The study looked at religious beliefs, historical use of marine resources, daily activities, economic dependence on fisheries, local knowledge of environmental changes as well as other cultural issues.
The information is critical for developing effective conservation strategies that will benefit both local communities and threatened marine resources.
“To make coral reef protection effective in an underdeveloped community such as Andavadoaka it is necessary to understand the relationships between marine resources and their users,” said Blue Ventures' social scientist Josephine Langley who authored the study. “Identifying ways to avoid the potentially conflicting needs of economic development and conservation is essential.”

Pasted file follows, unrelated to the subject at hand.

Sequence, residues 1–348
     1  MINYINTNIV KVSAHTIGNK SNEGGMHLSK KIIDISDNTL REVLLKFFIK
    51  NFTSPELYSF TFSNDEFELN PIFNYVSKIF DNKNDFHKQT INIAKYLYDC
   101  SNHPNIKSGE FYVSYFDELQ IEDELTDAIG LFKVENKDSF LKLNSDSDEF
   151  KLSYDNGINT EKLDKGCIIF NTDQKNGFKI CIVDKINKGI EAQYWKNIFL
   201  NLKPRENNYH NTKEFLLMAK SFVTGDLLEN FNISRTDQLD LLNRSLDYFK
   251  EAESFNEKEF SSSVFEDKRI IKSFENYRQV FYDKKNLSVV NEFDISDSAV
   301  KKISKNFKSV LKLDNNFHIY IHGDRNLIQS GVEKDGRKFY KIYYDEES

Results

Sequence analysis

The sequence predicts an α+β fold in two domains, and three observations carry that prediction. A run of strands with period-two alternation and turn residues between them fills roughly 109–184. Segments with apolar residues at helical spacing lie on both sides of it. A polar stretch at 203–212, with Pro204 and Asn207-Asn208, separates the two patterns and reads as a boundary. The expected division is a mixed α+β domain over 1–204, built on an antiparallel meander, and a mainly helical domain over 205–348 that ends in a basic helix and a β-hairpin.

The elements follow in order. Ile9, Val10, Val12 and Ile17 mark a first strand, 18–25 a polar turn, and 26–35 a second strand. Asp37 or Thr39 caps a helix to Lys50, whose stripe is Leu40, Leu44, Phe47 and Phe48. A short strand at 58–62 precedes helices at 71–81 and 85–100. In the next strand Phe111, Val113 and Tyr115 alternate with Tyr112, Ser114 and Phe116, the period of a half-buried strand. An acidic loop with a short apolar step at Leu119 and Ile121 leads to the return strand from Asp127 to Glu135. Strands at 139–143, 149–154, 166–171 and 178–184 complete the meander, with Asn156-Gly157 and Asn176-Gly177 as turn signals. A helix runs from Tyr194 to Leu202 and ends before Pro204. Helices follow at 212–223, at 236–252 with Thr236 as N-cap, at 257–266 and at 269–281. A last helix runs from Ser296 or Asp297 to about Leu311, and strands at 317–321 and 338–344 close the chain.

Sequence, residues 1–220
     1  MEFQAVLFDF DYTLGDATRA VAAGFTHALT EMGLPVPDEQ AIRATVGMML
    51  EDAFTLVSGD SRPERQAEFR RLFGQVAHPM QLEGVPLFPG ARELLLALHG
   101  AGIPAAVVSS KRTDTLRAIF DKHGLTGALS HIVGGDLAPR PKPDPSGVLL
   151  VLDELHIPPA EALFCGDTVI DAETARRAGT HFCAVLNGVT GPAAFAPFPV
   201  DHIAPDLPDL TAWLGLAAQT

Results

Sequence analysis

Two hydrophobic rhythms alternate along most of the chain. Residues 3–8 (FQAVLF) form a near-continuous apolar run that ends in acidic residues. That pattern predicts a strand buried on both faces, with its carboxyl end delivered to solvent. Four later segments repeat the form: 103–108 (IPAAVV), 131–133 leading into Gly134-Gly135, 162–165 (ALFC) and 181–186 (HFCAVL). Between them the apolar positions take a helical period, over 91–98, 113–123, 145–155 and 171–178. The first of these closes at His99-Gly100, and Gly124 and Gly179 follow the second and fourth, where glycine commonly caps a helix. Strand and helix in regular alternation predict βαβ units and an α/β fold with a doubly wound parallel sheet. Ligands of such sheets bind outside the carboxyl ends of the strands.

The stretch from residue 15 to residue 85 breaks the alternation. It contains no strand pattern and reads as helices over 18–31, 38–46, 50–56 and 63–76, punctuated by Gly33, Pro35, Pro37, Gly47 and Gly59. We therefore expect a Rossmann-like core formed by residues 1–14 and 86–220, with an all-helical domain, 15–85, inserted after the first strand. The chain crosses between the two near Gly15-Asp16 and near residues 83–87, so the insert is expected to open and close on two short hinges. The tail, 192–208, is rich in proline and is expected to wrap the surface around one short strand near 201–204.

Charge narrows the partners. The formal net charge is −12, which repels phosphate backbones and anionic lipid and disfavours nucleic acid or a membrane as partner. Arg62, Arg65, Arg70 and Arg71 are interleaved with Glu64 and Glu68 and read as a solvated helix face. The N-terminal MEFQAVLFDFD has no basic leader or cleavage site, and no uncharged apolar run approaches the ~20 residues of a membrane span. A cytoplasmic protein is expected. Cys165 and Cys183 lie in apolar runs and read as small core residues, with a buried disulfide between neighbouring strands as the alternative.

Many fisheries and marine conservation management projects throughout the world have failed because local communities were excluded from the conservation process.
Community engagement, participatory research and promoting the use of local knowledge have repeatedly emerged as steps necessary to address the problem of managing the development of people and their economies while simultaneously protecting the environment.
The report can be downloaded at http://www.blueventures.org/research/Langley_TEK_2006_(web).pdf